I guess there are some things we just don’t find answers to. My eye tracks plants wherever we go. I follow the weather patterns and the sunrise and sunset. I have already ordered the Whole Seed Catalog for this new year. Actually two of them one for me and one for my daughter. I know crazy but nice to have one here at the house all the time in the winter to read about plants from around the world and plan for spring.

I expect all of us have something that pulls us – for some it is music, or visual art, sewing or cooking, woodworking, even reading, and writing can be the pull that holds you and keeps you motivated and happy.

So what is it that makes you happy? What is that thing you do or keep coming back to? It might also drive you a bit crazy like plants and gardens do for me but still you just keep coming back to it.

The question for today is:

Why do I ___________________?

(it is always interesting to ask yourself why or how did this _____ get started)

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OLG: Old Lady Gardner #17 – feeding the little ones

We have left October – a month of sunny days, a few rainy, a couple with snow and lots of wind. The leaves are mostly down now leaving the gutters of the house and the street full. The crispy, crunchy and very dusty leaves are blowing everywhere but also have brought a bright brilliance to the streets. The color flashing in the breeze and then fading as they fall leaving just the dark brown of the tree trunks to hold their place until next spring when the green will return.

November arrived sunny and warm today. We reached 70 mid afternoon. It is November in Minnesota. This has us all out sitting on patios for dinner and pulling the grill back out. But as I sit in my front yard enjoying that my garden has been put to bed and it is warm out I realize there are others not quite as calm about this warmth.

I am watching the birds, squirrels and a small vole. It is clear they know that winter is not far away. There is a feeding frenzy at the bird feeder. The birds a swooping in and empty the two feeder every few days.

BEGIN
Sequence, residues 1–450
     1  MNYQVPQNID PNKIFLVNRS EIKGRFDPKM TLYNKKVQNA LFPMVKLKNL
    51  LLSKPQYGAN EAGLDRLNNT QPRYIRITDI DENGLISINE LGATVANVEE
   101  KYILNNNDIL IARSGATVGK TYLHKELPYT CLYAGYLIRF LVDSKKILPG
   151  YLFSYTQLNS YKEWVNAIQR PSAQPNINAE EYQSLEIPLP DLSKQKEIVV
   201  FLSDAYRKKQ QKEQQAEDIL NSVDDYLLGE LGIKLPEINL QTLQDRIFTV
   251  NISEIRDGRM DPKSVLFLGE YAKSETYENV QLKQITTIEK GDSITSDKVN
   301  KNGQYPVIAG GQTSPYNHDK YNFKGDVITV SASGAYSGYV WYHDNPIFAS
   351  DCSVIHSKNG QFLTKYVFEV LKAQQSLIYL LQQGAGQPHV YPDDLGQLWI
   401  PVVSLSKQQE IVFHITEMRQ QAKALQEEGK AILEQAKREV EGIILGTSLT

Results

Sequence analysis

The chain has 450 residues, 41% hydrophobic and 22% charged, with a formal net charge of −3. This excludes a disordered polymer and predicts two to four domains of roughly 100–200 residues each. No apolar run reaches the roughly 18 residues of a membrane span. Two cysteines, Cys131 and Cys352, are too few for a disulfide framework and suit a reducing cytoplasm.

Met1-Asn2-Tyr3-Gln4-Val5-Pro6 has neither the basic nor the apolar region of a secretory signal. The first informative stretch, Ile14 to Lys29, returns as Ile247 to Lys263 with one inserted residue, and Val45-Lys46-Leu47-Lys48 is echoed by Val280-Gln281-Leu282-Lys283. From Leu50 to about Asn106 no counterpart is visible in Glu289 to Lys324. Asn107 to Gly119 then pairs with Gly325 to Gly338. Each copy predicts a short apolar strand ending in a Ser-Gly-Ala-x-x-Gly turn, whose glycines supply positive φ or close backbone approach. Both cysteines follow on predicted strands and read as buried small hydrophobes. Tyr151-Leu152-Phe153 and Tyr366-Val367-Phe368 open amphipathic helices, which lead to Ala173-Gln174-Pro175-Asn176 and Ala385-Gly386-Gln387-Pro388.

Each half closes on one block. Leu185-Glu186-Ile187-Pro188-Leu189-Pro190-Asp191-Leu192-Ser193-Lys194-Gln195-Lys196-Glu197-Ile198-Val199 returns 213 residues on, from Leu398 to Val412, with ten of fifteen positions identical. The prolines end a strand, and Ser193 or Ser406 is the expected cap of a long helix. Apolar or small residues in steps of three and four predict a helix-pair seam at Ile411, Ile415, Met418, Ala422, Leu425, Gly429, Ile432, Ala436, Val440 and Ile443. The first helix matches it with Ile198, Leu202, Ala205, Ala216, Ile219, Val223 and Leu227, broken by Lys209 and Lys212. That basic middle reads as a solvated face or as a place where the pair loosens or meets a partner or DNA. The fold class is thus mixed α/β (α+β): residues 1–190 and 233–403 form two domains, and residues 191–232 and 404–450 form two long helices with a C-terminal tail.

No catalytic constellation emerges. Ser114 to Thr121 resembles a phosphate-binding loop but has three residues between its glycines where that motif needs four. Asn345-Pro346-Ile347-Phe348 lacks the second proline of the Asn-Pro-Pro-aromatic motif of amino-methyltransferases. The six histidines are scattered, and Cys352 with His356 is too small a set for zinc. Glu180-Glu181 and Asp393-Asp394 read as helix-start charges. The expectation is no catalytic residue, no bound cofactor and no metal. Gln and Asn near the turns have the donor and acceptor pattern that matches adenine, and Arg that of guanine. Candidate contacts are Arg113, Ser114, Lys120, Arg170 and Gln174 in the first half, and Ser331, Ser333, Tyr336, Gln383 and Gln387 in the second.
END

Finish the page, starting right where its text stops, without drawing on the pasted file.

The squirrels are also grabbing any seed that falls to the ground. They have also attacked the pumpkins. They chewed a perfect circle and crawled in to enjoy the seeds and soft flesh inside. In the past I would try to find ways to save these pumpkins for a pretty display but this year I decided they needed the food more that I needed the perfect fall arrangement on my front steps.

If I stayed quiet there is a very small grey shape that darts out from the below the tall grasses. At first I did not see him but with time I noticed another round hole. This time coming out from the dried plants. This little guy was also working to get his share of the high protein snacks.

They are all going to need the fat that these seeds and nuts provide if they are going to make it through the winter, that I am sure will come. They are lucky to get this extra warm to gather more food and feed themselves.

The birds will fly off soon to warmer places and the vole I expect will burrow deeper in the the ground around the grasses for warm. I am not sure where the squirrels spend the winter. They come out on warm sunny days all winter but where they spend those cold and snowy days and night I am unsure. I expect many are tucked under the bushes in back. I know the rabbits are burrowed back there for sure.

I may live in the middle of a big city. Minneapolis is not small place but in this neighborhood of houses, gardens and parks there is still plenty of wild live to enjoy and support if you are willing to take the time to slow down and watch for them.

So here is to November – good eating for all. There is pumpkin pie inside for us and pumpkin seeds and fresh pumpkin flesh outside for the critters.

If you live in a cold climate where plants are not growing in the winter you might think about how you might assist a few small critters with a bit of seed or nuts to help them make it to next spring.

Happy November!

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OLG – Old Lady Gardner #16 Patience and Humor

Mid October blew in with strong cold winds, snow and some bright but very chilly days. There is so much left to do the garden. The leaves fall like rain (oh how I wish it was rain) and the flower pots are now dripping with frost bitten plants. I have saved a few in my new sun room – cutting tiny slips and putting them in water to root. Hoping that each will pot up, as they say, and grow slowly over the winter so they can join next years garden.

This means my little sun room is filling up with jars of water and small plants. There are the African violets I am trying to root from a friend plus the slips of Coleus, Begonia (Encanto by name), and Salvia. They are all currently enjoying 50 to 60 degree weather while outside it is blowing a cool 25 (wind chill at 15 degrees) each evening.

The raking needs to be done and am hoping the young guy who mows will be able to mow this week chopping up the leaves to be placed on the garden beds. Last week it snowed on his day to come so no mowing of leaves happened. Yes, SNOWED in mid October. Crazy right??!! I know it is Minnesota but that is a bit early for us even.